Mit unbekannten Personen ist manchmal schwierig ins Gespräch zu kommen.

a valid sentence, though the dummy subject es is missing. But this sentence has a different vibe, it sounds more like a formula or aphorism than natural speech. Don't talk like this.

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    In the active voice the subject generally cannot be omitted, but in the impersonal passive the placeholder-es is only used if otherwise the verb-second rule is not satisfied: Es wurde gestern viel getrunken / Gestern wurde viel getrunken. – RHa Sep 11 at 12:51
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There are two variants next to the one using "es", yours and another

  1. Mit Unbekannten ist schwierig ins Gespräch zu kommen

I'd almost have called this wrong, but I have read it wrong and find it rather natural after all. I would have expected instead to say

  1. Mit unbekannten ins Gespräch kommen ist schwierig

this constructs mit unbekannten ins Gespräch kommen as a set phrase and does it without zu for the infinitive construction.

The different order stresses, in my reading, who's to blame: the unknown person or the conversation. The main difference is whether schwierig is (1) adverbial or (2) adjectival. But not quite so.

We can compare

Mit Terroristen ist nicht zu verhandeln.

This is the only viable variant (However [… Verhandeln] is nich! exists colloquially). It is basically a subversive imperative, similar to "the meeting is adjourned", which carries more weight than an indicative (e.g. "Terroristen verhandelten nicht"). The stress lies on the final word.

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Most German sentences need a subject. The most significant exception is subjectless passive sentences (for example: Heute wird gefeiert) but unless you are dealing with passive it is a good idea to assume you always need a subject.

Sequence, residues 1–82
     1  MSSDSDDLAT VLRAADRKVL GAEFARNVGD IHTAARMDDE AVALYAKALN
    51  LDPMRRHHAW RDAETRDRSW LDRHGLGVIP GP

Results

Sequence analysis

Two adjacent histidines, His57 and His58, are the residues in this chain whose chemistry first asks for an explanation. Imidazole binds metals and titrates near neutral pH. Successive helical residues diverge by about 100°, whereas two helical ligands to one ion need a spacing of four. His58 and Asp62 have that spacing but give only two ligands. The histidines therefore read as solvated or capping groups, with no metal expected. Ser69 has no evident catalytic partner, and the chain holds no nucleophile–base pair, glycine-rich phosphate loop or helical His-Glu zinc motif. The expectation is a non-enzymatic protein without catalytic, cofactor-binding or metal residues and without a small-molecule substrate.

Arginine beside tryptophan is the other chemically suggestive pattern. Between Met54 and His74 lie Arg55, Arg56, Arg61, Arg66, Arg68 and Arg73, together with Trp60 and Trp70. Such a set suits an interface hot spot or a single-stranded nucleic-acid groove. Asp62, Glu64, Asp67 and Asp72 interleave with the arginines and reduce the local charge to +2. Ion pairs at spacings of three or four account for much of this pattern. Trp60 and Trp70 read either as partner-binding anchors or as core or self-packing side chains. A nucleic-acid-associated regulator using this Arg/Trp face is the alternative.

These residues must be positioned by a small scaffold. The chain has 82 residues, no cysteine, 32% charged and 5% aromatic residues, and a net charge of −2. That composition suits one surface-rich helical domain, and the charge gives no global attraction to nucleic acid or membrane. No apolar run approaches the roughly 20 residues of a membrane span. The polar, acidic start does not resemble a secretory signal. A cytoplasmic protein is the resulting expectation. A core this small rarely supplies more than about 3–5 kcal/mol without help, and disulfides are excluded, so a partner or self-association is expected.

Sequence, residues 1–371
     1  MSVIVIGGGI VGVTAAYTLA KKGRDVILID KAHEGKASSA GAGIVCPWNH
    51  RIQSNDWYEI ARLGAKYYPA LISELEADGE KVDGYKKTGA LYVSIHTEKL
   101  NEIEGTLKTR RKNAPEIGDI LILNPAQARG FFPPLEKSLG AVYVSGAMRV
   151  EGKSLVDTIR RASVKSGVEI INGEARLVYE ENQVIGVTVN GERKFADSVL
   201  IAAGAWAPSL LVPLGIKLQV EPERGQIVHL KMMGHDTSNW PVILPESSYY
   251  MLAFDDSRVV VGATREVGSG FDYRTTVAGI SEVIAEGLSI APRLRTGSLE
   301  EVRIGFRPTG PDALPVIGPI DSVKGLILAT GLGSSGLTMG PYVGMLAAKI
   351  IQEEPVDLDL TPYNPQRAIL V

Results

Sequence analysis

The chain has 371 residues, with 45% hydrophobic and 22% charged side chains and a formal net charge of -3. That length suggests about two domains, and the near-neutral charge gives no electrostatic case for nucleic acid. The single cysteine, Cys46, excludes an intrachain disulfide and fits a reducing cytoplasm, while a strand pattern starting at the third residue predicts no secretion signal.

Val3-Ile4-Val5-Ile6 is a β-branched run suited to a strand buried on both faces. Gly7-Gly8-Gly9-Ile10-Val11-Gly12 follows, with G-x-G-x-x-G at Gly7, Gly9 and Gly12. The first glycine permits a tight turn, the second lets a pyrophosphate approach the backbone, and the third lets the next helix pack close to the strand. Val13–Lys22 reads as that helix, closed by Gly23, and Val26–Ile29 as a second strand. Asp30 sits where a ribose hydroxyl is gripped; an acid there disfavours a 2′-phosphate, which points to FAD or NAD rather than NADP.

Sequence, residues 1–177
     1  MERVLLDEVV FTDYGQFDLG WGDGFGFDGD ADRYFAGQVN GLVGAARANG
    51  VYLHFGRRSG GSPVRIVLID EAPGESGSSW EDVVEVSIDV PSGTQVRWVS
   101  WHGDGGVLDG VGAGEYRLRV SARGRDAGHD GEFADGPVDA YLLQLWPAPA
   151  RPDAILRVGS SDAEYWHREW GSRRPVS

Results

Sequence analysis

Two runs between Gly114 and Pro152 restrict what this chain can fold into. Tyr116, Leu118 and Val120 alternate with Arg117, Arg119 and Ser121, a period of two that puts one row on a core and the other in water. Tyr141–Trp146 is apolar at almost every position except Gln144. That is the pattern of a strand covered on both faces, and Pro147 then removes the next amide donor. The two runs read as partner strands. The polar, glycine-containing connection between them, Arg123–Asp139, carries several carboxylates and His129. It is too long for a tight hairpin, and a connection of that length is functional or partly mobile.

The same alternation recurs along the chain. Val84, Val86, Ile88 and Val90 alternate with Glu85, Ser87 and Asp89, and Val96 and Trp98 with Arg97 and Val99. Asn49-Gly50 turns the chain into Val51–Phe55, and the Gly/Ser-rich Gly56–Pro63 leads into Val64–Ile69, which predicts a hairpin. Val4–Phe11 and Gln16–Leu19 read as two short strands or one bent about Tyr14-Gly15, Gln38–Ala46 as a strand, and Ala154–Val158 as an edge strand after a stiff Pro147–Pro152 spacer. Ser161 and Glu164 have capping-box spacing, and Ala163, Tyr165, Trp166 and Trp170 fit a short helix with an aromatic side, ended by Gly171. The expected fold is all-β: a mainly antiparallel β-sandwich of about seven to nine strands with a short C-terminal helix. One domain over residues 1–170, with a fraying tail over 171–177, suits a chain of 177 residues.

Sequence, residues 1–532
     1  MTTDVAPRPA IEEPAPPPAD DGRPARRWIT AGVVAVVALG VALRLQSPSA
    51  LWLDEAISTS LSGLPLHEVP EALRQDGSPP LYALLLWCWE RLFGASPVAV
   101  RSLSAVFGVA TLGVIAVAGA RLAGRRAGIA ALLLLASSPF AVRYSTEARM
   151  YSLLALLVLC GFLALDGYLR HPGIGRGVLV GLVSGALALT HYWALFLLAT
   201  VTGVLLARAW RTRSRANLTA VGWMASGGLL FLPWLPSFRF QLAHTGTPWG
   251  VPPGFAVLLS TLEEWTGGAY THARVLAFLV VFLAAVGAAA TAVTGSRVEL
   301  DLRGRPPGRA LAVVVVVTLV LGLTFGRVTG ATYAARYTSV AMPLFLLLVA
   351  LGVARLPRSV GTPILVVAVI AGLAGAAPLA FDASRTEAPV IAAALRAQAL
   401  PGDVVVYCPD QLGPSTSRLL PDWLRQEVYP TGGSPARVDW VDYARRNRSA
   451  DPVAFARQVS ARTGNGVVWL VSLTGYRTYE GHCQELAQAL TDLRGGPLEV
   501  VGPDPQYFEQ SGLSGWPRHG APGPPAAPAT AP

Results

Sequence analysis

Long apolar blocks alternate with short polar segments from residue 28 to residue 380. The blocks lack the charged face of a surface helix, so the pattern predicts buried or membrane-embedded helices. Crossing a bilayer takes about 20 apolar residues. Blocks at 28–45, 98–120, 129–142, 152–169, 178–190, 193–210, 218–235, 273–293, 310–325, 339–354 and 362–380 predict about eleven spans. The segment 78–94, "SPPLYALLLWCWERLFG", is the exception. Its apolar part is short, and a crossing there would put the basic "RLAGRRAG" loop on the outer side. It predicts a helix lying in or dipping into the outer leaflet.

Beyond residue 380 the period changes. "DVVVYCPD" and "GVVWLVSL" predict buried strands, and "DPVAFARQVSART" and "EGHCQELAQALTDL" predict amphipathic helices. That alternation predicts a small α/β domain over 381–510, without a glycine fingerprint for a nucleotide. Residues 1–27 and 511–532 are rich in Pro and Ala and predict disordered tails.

In the sentence about snowing, the verb schneien in active voice needs a subject. Since there is no other part of the sentence that carries meaning and could take over the subject role – die ganze Nacht is a temporal adverbial and heftig is an adverb – some agent needs to come in and stand in as subject. This is an expletive, the word es. As the role of this word is to be subject, it cannot be left out when reordering the fragments of the sentence because otherwise a subject would be missing.

The sentence about talking to people is somewhat more complicated. In its original form, I would classify the fragments as follows:

Manchmal (adverbial) ist (finite verb; here: copula) es (subject) schwierig (predicative adjective), mit unbekannten Personen ins Gespräch zu kommen (extended infinitive postfixed).

The entire part behind the comma could be considered as a subsentence of its own. Just add a subject and conjugate the verb and voilà. If you intend to keep all these fragments as what they are, then the es will have to remain. For example:

Es ist manchmal schwierig, mit unbekannten Personen ins Gespräch zu kommen.

However, depending on the requirements of the exercise it may be permissible to also relabel parts of the sentence. Instead of having starting a conversation with unknown people as a single, immobile postfix, you can: